When a wee tiny wisp of an elderly woman spends 20 minutes mailing a package while the line at the post office extends past the door and down the steps, I tell the person in front of me that I like her intriguing coat and then we move on to how we will be spending our holidays and to whom we are mailing our packages. Finally, I simply wait my turn, mentally sending good wishes to the old woman with her cane, her hand shaking as she writes her check, her lips quivering as she tries to get her words out, and know that I, too (with luck), shall reach her age and deal with the consequences of old, old age.
This season, I remind myself to take that unwrapped gift to the local firehouse, take the end-of-the-day extra baked goods from my favorite bakery and drop it off at the food bank, and prepare to hand out lunch bags of turkey sandwiches, cucumber wedges and holiday cookies to my neighborhood homeless like my daughter, ex-husband and I used to do when we lived in Hollywood. Show people, tell them, ‘You are not alone; I see you.’
Sometimes, the whys and wherefores don’t matter, the old baggage, the open wounds. Sometimes I need to push myself past what grips me in hurt and pick up the phone, call an estranged sibling and say, simply, “I love you.” Issues don’t magically disappear, but the freely offered sentiment can open a way forward, even if just for that moment.
The odds are, if we all give, then we shall all receive.
Give with a free, loving heart, and receive in the same way. I remind myself that when someone brings me an unexpected gift—a tin of holiday cookies, a card, a phone call, or even a hug—to receive that gift with a thankfulness that seeps throughout my every inch. Don’t flick it aside with, “Oh, you shouldn’t have,” or “But, I didn’t get you anything.” Welcome his gift and his thoughtfulness. Let it fill and soothe, nurture and replenish.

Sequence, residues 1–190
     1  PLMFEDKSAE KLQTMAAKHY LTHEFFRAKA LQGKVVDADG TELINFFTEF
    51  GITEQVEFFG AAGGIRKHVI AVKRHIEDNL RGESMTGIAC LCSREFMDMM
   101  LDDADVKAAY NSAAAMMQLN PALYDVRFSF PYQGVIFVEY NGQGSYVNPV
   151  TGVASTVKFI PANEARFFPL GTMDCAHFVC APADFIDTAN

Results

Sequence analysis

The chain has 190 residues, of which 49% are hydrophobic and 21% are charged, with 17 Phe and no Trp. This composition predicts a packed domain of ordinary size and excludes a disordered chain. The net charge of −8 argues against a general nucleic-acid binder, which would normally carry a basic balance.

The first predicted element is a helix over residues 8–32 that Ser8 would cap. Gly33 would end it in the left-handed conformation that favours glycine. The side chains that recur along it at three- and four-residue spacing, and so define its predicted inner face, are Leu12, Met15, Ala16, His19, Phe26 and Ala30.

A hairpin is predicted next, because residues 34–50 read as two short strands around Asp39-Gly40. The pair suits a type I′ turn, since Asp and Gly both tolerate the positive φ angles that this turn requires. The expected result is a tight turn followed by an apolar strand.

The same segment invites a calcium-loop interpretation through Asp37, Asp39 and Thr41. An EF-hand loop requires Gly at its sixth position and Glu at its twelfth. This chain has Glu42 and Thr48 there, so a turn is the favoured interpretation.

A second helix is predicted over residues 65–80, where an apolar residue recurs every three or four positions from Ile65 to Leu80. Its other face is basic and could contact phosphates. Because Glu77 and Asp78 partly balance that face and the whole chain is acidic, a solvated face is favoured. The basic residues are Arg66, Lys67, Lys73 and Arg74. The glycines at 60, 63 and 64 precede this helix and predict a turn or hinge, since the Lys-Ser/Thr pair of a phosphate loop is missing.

We need the love and compassion of others, especially when tragedy hits so close to the holidays. Let’s not shy away from it, from the pain and loss, but embrace each other and help each other stand up. We are only alone if no one reaches out, if no one offers a hand…or if the offered hand is not taken.
Let this holiday season be a time of selfless giving, true compassion and empathy, honest love and kindness, and altruistic benevolence.
Let our humanity excel and radiate—in the way we give and receive, share and comfort, support and love our children, family, friends, and neighbors, as well as our beloved towns, cities, country…and our precious world.
Every stranger is a potential friend.
Open your heart.
Love is essential.
Copyright © Kat Ward, 2012 at Hometown-Pasadena.com
Hollywood & Appa